... There are a number of reasons why How to Train Your Dragon 2 didn’t fly to top-tier DreamWorks Animation box office highs in America. It is possible the television show muted the special-ness of the event, while it is possible that parents decided to hold off on a film that they were worried would scare their kids.
Walt Disney’s Maleficent proved to be just leggy enough to eat into the female demographic that otherwise might have showed up for the (mostly) boy-centric dragon adventure. Or it could just be that the lasting popularity of How to Train Your Dragon was overstated by we adult critics and box office pundits who presumed that the kids liked it as much as we did. ...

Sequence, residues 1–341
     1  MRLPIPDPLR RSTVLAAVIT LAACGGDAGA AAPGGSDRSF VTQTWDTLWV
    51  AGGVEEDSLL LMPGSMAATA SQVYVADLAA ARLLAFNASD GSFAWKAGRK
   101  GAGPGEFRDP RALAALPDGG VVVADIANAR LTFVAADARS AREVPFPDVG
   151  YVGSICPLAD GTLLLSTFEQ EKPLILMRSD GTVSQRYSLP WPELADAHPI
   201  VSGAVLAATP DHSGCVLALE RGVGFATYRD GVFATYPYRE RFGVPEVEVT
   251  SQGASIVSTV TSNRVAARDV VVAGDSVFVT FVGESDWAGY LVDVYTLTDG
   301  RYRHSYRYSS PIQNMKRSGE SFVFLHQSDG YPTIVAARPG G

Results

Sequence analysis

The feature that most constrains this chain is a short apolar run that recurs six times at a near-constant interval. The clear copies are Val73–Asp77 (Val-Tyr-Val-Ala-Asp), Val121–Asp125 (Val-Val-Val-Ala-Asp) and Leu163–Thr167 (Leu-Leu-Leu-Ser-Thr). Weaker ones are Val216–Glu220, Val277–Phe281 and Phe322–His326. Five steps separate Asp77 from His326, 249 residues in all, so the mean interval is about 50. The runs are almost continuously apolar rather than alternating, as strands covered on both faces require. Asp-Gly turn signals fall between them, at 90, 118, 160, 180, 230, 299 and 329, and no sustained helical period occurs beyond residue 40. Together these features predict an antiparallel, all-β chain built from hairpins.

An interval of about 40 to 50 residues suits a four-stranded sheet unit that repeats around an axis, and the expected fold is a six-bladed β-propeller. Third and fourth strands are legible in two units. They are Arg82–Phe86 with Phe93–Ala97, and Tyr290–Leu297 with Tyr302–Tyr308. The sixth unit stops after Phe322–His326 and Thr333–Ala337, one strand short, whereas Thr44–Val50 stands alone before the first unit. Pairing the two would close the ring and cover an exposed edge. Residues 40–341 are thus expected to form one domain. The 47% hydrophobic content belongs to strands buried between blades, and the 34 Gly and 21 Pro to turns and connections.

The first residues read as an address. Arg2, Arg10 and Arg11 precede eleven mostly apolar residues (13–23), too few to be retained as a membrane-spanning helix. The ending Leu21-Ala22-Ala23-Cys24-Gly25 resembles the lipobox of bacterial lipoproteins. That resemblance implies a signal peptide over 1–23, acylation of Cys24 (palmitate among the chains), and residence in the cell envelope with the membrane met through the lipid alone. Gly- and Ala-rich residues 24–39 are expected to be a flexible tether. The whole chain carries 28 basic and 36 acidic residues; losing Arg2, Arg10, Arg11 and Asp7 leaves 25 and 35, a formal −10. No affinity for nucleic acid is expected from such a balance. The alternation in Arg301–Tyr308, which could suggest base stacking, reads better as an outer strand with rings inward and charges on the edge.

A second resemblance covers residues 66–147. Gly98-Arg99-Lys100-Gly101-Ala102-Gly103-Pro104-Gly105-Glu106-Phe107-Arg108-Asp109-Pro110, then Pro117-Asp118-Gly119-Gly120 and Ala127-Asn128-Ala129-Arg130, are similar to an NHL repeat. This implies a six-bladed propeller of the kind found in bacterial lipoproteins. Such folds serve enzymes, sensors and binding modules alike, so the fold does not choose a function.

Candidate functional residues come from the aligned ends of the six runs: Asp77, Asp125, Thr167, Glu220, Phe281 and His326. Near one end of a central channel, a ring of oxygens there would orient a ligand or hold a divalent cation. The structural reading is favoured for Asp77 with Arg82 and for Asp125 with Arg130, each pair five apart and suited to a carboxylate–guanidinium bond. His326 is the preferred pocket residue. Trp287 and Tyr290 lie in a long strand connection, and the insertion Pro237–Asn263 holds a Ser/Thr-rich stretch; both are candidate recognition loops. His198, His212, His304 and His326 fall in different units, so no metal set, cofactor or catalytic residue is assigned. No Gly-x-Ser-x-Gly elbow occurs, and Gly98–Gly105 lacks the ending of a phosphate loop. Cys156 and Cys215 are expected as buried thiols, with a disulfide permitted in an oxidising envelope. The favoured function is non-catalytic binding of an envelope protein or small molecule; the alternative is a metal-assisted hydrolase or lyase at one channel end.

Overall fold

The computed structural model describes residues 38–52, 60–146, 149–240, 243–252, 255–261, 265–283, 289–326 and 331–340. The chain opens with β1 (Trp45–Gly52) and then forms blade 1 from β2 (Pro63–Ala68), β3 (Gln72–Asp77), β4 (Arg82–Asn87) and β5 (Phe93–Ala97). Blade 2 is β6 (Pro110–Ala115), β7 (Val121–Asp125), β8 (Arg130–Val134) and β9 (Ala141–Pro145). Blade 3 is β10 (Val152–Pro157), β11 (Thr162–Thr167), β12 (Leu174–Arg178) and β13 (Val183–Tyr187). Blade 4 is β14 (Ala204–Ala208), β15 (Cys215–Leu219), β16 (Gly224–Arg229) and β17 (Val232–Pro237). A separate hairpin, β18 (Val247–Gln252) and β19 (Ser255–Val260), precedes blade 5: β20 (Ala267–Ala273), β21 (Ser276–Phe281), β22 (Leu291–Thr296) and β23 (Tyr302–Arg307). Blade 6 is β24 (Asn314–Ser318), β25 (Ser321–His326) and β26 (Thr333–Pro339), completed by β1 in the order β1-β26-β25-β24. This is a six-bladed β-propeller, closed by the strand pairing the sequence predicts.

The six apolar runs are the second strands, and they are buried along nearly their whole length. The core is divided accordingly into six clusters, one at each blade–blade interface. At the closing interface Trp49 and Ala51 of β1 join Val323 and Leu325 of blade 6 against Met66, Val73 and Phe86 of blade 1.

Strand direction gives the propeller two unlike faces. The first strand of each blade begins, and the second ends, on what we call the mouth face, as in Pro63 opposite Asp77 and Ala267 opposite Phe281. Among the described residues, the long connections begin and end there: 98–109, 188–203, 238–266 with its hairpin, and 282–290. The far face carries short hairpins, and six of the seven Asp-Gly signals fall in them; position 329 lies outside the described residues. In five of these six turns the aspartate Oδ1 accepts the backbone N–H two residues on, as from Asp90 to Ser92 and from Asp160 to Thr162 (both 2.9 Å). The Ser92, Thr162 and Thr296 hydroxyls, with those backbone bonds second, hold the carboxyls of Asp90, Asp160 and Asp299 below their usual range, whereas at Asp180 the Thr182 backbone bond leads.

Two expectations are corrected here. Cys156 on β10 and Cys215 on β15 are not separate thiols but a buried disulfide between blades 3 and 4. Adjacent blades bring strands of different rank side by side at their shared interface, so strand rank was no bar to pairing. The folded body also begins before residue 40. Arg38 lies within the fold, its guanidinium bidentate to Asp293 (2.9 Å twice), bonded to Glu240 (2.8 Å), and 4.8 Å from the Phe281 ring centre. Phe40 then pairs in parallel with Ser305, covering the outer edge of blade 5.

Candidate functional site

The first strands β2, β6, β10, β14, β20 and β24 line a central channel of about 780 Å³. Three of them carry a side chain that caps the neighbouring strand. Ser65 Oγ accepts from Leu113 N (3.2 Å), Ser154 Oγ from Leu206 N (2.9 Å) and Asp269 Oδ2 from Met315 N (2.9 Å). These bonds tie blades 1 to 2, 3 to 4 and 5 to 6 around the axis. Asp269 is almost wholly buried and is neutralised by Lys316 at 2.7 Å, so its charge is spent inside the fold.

Or how about: "When people don't want to come and see your picture, you can't stop them."?
Except no, that doesn't work either, because HTTYD2 has opened #1 almost everywhere else in the known universe, so we can't say with total certainty why the U.S. of A. was the market that under-performed. An economist friend of mine told me some years ago that economists get economic predictions wrong because no human can project how 350 million people will be spending their money on any given day.
And so it is with box-office predictions. People go to movies for all kinds of reasons, and the WIlliam Goldman axiom about movie-making holds: "In Hollywood, nobody knows anything." More to the point, nobody knows what any given movie will pull in during its release. Educated guesses are about the best the soothsayers can do.
But I still think it'll rake in close to $200 million. (Letting my prejudices cloud my judgment, I think.)